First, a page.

otherwise than through the suggestions of a shapeless fear, the full
extent of his calamity, he stood before her, wronged and deserted; and
again her yearning love impelled her to his side.
He was not long away; for Florence was yet weeping in the great
room and nourishing these thoughts, when she heard him come back. He
ordered the servants to set about their ordinary occupations, and went
into his own apartment, where he trod so heavily that she could hear
him walking up and down from end to end.
Yielding at once to the impulse of her affection, timid at all
other times, but bold in its truth to him in his adversity, and
undaunted by past repulse, Florence, dressed as she was, hurried
downstairs. As she set her light foot in the hall, he came out of his
room. She hastened towards him unchecked, with her arms stretched out,
and crying 'Oh dear, dear Papa!' as if she would have clasped him
round the neck.
And so she would have done. But in his frenzy, he lifted up his
cruel arm, and struck her, crosswise, with that heaviness, that she
tottered on the marble floor; and as he dealt the blow, he told her
what Edith was, and bade her follow her, since they had always been in
She did not sink down at his feet; she did not shut out the sight
of him with her trembling hands; she did not weep; she did not utter
one word of reproach. But she looked at him, and a cry of desolation
issued from her heart. For as she looked, she saw him murdering that
fond idea to which she had held in spite of him. She saw his cruelty,
neglect, and hatred dominant above it, and stamping it down. She saw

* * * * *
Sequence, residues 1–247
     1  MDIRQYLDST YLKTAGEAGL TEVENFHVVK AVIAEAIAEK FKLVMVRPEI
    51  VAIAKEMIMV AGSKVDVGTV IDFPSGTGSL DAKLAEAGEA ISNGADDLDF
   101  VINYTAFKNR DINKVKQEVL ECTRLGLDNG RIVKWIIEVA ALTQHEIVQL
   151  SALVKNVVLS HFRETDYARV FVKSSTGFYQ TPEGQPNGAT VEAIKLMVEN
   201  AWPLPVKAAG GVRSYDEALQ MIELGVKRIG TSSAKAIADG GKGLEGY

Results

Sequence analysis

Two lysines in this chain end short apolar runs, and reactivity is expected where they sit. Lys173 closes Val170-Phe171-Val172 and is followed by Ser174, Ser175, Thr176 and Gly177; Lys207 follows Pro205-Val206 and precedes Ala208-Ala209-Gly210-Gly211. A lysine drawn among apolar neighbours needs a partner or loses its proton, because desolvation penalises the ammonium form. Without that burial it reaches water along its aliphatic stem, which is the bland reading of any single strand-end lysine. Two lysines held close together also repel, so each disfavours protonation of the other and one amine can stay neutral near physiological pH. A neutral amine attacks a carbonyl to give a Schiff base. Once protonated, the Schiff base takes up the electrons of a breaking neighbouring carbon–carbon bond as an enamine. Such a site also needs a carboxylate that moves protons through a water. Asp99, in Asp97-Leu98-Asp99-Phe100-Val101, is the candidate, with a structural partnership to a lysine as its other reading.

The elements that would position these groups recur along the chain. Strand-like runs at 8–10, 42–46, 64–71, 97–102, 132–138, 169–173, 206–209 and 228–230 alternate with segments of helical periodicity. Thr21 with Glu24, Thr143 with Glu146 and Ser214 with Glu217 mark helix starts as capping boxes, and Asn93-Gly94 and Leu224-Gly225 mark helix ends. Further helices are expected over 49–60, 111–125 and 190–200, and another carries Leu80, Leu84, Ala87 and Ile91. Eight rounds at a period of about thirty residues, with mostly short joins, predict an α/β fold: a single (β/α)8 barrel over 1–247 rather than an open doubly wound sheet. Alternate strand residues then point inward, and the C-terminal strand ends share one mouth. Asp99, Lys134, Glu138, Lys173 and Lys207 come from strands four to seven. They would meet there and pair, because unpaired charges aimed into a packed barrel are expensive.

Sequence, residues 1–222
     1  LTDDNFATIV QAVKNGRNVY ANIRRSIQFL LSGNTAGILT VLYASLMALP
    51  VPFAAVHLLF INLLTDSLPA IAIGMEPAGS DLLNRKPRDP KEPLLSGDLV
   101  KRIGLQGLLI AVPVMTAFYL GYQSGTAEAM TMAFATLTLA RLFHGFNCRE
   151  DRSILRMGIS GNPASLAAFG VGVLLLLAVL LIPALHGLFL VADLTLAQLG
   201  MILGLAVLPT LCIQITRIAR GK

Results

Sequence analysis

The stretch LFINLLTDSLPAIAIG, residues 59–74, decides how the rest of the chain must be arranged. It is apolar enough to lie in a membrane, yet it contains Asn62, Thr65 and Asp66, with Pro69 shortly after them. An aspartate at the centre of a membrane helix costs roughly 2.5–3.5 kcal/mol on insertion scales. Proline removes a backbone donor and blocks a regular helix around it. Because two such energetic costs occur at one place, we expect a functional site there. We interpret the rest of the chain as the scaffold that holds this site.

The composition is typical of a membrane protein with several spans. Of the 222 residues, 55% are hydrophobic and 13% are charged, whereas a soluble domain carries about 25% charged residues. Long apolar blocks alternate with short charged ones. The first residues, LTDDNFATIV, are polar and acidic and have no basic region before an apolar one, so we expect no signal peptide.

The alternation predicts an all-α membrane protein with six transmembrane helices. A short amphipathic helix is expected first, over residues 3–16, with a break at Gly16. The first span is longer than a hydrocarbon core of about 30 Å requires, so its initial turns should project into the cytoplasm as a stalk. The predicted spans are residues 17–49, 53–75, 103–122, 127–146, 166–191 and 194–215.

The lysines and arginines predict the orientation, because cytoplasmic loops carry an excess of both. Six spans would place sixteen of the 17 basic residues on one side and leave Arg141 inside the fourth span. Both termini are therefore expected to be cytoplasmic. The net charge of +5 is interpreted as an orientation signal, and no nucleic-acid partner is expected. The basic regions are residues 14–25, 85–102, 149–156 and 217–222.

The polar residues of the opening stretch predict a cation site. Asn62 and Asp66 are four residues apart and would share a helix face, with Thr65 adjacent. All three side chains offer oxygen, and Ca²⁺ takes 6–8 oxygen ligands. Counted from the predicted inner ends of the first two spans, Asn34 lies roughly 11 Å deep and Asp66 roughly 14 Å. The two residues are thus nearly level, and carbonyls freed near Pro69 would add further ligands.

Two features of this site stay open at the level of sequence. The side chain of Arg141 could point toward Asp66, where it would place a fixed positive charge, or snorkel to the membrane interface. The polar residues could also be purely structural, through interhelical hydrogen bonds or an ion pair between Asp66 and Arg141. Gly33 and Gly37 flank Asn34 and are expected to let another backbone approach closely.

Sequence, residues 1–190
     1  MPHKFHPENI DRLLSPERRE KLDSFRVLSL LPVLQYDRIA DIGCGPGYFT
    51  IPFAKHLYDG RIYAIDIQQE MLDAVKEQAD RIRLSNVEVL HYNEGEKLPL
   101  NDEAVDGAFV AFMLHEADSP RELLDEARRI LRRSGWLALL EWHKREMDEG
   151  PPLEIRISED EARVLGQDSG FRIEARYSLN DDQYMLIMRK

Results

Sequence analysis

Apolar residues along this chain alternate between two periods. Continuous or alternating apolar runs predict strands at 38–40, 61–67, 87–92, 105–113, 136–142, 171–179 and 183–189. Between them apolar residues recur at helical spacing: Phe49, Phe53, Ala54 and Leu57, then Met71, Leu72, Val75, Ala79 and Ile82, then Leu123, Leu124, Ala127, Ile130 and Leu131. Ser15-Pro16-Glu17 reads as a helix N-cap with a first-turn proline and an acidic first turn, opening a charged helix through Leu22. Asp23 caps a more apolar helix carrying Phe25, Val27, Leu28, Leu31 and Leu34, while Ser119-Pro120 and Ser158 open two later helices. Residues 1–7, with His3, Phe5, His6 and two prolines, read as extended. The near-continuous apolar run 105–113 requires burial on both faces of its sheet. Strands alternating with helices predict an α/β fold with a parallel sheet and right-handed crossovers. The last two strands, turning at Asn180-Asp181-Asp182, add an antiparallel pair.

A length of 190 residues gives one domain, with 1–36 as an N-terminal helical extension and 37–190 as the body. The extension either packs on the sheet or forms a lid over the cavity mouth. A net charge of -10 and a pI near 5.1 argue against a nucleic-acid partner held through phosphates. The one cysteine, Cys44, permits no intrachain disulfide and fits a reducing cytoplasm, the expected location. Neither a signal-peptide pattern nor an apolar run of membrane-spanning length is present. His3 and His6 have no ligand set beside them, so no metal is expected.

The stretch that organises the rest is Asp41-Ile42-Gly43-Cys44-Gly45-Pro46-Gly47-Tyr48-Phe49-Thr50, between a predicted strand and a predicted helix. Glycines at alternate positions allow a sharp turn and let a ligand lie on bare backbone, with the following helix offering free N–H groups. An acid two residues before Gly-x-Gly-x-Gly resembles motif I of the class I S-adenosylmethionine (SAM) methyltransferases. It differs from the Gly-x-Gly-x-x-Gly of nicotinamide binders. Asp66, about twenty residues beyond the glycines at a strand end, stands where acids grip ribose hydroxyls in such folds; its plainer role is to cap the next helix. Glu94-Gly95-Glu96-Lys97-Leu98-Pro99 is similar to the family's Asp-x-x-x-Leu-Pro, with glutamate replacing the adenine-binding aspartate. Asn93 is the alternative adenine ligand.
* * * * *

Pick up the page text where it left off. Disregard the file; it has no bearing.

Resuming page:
she had no father upon earth, and ran out, orphaned, from his house.
Ran out of his house. A moment, and her hand was on the lock, the
cry was on her lips, his face was there, made paler by the yellow
candles hastily put down and guttering away, and by the daylight
coming in above the door. Another moment, and the close darkness of
the shut-up house (forgotten to be opened, though it was long since
day) yielded to the unexpected glare and freedom of the morning; and
Florence, with her head bent down to hide her agony of tears, was in
The Flight of Florence
In the wildness of her sorrow, shame, and terror, the forlorn girl
hurried through the sunshine of a bright morning, as if it were the
darkness of a winter night. Wringing her hands and weeping bitterly,
insensible to everything but the deep wound in her breast, stunned by
the loss of all she loved, left like the sole survivor on a lonely
shore from the wreck of a great vessel, she fled without a thought,
without a hope, without a purpose, but to fly somewhere anywhere.
The cheerful vista of the long street, burnished by the morning
light, the sight of the blue sky and airy clouds, the vigorous
freshness of the day, so flushed and rosy in its conquest of the
night, awakened no responsive feelings in her so hurt bosom.
Somewhere, anywhere, to hide her head! somewhere, anywhere, for
refuge, never more to look upon the place from which she fled!
But there were people going to and fro; there were opening shops,
and servants at the doors of houses; there was the rising clash and
roar of the day's struggle. Florence saw surprise and curiosity in the
faces flitting past her; saw long shadows coming back upon the
pavement; and heard voices that were strange to her asking her where